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Janet Brown: Bound and Brutalized in her own home

Janet Brown: Bound and Brutalized in her own home

A mysterious woman meets a mysterious end.


Recent news reports — as of 10/04/2020

Janet Brown’s death remains a mystery, much like the details of her life.

Few people in the remote village where Janet lived knew her until one spring evening in 1995 when an intruder burst into her quiet farmhouse. Janet’s body was later found bound, naked and gagged. Twenty-five years later and Janet’s murder remains unsolved. DNA evidence has recently emerged; and we know that the assailant is a male. But despite testing against over 700 swabs, nobody has been linked as of yet.

Janet Brown was a modest and quiet woman — with nothing special about her. This is not to demean her life or importance to those that loved her (including her three children and husband) but ultimately this could be true of any of us. In life we may be unremarkable and in death we may be the talk of the town; the sound and fury reserved for after our existence.

It was an April evening of 1995 when Janet was murdered in her own home. The scariest place for violent death to occur is within the territory of your own house — for home offers a warmth and security and the invasion of this warmth is the stuff of existential human nightmares. For a murder to take place in the security of your home is to desecrate the sacred bond of comfort and home.

After all these years the death, motive and perpetrator remains a puzzle to the police. The police have considered the possibility that the secrets in Mrs. Brown’s life could be linked to her death. However Mrs. Brown’s natural personality was that of reservation and anonymity. Many within the quiet village of Radnage had little to say about Mrs. Brown despite an eagerness to help.

Mrs. Brown’s life did not reveal any dark secrets or mysteries. Mrs. Brown did her shopping in the bigger city of Oxford, she suffered migraines like you or I. She loved her job. She was slight but not timid in conversation. One slight transgression was leaving her husband and children behind to take an adventurous holiday in Peru (a long time before she died). Mrs. Brown had visited Kenya, South America and the bog-standard European holidays that most English families enjoy.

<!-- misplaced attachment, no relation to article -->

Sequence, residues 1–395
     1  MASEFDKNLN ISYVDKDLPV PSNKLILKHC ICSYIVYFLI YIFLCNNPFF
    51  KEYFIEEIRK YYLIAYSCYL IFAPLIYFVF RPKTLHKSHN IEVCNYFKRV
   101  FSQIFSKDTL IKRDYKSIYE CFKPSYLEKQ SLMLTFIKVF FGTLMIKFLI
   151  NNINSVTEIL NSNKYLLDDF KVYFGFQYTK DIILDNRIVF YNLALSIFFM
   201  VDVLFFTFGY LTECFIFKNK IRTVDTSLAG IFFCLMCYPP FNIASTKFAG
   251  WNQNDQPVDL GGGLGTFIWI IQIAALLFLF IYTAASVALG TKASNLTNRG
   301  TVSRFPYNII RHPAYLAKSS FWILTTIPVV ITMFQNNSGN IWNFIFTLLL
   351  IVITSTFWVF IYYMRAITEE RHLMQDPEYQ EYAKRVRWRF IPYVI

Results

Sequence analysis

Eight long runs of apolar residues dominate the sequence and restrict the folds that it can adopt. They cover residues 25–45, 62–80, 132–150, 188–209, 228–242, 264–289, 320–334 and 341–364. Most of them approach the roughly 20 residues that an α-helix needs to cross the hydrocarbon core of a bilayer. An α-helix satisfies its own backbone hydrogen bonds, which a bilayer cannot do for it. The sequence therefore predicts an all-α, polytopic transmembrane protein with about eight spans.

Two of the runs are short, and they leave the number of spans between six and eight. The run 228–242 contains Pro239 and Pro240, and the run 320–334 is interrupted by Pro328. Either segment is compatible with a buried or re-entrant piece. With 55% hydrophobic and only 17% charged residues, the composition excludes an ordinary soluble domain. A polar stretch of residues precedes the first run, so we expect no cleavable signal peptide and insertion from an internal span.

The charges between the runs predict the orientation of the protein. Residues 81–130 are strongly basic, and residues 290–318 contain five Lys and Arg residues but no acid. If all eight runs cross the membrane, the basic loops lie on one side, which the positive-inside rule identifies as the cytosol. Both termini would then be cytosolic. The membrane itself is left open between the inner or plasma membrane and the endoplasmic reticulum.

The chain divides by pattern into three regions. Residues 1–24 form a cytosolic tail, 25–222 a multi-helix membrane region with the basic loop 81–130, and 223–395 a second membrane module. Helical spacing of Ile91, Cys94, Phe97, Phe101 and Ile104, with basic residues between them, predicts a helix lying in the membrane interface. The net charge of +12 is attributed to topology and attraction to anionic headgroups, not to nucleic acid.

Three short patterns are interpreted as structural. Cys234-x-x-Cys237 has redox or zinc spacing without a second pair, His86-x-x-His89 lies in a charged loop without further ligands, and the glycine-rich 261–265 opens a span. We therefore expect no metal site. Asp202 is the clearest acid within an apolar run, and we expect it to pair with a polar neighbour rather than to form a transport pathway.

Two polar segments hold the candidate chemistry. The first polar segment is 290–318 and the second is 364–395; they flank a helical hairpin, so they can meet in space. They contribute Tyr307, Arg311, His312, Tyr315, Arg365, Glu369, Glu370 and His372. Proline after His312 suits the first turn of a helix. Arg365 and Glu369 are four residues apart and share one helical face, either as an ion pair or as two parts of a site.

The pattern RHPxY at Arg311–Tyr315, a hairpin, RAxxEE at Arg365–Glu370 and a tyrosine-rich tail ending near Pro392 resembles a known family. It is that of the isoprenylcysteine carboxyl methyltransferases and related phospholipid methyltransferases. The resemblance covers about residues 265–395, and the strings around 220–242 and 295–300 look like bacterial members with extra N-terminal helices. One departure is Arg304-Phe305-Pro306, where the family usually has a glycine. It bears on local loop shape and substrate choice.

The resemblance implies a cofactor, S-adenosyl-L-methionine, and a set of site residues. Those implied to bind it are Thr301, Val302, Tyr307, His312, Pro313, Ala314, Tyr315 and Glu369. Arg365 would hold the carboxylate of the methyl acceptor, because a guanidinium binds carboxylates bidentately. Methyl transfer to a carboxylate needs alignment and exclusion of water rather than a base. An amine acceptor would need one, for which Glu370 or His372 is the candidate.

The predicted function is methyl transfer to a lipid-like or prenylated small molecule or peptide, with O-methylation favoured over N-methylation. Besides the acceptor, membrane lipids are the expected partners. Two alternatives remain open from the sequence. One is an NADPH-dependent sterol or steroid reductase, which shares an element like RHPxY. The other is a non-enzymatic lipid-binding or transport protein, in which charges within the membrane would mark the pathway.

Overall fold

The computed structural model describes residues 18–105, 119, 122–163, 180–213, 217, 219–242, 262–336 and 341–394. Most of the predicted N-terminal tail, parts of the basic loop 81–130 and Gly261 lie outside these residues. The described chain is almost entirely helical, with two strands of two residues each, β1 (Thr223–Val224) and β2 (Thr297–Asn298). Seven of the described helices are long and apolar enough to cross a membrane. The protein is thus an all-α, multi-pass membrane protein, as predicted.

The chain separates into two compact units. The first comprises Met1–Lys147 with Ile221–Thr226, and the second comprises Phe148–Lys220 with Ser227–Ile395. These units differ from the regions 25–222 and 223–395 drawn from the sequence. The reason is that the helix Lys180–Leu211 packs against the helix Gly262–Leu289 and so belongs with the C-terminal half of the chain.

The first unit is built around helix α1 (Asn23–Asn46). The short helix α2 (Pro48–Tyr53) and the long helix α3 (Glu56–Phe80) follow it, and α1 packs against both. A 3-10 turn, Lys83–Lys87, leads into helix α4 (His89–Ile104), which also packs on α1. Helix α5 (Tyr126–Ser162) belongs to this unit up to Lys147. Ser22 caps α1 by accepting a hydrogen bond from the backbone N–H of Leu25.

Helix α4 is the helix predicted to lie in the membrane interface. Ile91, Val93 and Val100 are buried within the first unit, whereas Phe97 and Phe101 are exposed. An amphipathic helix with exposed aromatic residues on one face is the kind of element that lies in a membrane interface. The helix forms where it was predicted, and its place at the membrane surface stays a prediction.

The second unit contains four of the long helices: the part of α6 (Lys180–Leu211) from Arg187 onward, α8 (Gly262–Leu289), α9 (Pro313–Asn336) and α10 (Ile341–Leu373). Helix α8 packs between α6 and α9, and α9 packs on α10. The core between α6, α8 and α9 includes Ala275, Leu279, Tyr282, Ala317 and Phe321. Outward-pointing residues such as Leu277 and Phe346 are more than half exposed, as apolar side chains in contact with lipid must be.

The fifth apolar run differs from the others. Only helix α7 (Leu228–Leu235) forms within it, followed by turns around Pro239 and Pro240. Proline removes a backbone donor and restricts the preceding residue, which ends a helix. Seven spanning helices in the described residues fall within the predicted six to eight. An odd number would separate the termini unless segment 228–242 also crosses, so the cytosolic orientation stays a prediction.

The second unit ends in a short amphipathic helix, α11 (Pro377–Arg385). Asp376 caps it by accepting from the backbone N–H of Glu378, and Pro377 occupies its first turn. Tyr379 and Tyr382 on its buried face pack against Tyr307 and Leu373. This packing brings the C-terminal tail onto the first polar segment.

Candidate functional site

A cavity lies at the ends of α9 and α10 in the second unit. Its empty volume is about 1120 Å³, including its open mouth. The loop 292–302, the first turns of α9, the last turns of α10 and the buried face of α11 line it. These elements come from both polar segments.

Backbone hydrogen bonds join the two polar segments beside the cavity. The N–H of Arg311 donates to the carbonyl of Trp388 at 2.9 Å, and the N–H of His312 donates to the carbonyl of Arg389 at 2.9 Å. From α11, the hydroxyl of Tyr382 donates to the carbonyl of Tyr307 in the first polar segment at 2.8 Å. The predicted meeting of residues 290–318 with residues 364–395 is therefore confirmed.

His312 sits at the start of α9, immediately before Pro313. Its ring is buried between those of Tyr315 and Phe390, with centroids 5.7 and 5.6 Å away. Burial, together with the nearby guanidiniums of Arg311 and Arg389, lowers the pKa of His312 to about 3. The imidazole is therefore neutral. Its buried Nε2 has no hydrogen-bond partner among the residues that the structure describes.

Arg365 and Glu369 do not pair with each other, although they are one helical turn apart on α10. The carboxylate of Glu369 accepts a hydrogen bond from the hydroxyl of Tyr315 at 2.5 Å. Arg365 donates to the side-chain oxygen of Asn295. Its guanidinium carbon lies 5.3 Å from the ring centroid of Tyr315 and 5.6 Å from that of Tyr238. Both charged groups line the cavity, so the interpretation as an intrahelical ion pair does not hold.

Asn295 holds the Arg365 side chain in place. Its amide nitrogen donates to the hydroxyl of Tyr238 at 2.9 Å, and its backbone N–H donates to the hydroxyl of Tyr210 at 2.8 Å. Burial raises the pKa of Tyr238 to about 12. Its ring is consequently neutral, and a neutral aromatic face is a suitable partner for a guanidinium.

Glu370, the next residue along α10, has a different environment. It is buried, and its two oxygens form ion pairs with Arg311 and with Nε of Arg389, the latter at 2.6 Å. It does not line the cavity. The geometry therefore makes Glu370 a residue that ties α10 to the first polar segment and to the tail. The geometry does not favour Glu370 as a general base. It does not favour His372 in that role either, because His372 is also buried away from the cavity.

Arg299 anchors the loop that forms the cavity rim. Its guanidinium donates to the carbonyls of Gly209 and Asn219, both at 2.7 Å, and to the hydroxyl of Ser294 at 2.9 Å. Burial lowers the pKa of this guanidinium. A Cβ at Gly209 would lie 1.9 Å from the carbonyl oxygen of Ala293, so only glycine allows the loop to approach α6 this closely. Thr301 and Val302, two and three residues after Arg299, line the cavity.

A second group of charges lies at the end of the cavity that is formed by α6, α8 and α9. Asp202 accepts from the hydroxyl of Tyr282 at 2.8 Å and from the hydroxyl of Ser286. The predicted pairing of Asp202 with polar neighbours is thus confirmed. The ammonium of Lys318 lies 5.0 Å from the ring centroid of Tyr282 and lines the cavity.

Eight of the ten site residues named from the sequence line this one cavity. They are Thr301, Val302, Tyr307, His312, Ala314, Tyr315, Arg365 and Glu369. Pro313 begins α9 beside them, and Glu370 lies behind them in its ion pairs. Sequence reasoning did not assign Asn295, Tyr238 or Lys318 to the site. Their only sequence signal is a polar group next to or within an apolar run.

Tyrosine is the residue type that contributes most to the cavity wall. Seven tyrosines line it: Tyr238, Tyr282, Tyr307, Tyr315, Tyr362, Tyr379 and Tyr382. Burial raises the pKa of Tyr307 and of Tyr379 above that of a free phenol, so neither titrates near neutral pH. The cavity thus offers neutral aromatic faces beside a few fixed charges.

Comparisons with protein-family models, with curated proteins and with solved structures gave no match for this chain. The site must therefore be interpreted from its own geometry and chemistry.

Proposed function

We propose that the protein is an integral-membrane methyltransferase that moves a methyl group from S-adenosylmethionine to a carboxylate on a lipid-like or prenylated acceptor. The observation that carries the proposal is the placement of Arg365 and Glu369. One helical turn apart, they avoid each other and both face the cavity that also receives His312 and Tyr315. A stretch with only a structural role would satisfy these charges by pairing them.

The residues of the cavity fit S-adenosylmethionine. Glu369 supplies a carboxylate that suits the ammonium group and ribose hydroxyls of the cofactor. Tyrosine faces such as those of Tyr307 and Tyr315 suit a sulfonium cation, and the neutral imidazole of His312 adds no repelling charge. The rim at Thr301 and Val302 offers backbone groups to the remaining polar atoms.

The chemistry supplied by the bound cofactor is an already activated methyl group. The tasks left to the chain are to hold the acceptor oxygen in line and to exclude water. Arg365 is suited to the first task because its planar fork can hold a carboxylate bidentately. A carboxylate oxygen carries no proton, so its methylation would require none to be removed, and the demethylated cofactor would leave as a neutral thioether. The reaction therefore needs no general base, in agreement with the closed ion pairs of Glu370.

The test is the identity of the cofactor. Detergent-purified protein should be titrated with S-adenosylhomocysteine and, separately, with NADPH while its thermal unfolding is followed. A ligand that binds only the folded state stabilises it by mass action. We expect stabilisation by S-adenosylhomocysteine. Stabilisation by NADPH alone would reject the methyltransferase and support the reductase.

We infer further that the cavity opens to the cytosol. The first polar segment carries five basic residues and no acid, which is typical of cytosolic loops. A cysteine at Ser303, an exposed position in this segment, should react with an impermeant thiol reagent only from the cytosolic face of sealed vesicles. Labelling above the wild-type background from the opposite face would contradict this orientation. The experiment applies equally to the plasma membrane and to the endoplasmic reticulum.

The name of the Brown’s home was HALL FARM Radnage, Oxfordshire. For many years it was known as CABBAGE HALL FARM but the Cabbage was dropped many years before the Browns moved in.

So what do we know or rather, what don’t we know about the death of Mrs. Brown:

- At the time of Mrs. Brown’s death the family had lived at HALL FARM for a decade. They had been trying to sell and move on in a year or two (hopefully by 1997).

- The sale of the house was hampered by problems of subsidence. A buyer was found for £340,000 — and the house sale was a week or two away from completion, however problems with the foundation may have hampered this.

- Nick the builder hired by the Browns had called at about 8.20 on the Monday evening 10th April 1995 to discuss issues with the building.

- The phone call was not answered. Nick arrived at about 8 am the following morning 11th April 1995. Nick heard the wailing alarm ringing out from the house.

- It was Nick’s teenage son that saw Mrs. Brown lying naked. She was gagged and handcuffed with a large pool of blood.

- At face value Mrs. Brown was murdered in a burglary gone wrong. However all evidence suggests otherwise.

- Janet Brown’s husband Grahaem was a medical doctor that worked for a pharmaceutical company. At the time of the murder he was confirmed to be working in Switzerland.

- Mr. Brown was an aloof figure not at ease with small talk and not holding the small town personality which would have made him a popular figure. It seems Mr and Mrs. Brown were very much outsiders to the small village life.

- Thames Valley Police confirmed the veracity of Mr. Brown’s alibi (despite nasty gossip to the contrary) and there is no evidence whatsoever to tie the husband to the murder. Mr. Brown had called that evening from Switzerland; much like the builder — to no answers.

- Janet’s three children were Ben, Zara and Roxanne. The two eldest children were either at university or working in London at the time of the murder. Only Roxanne lived at home and she has expressed great guilt and regret for being around a friend’s house studying at the time of the murder.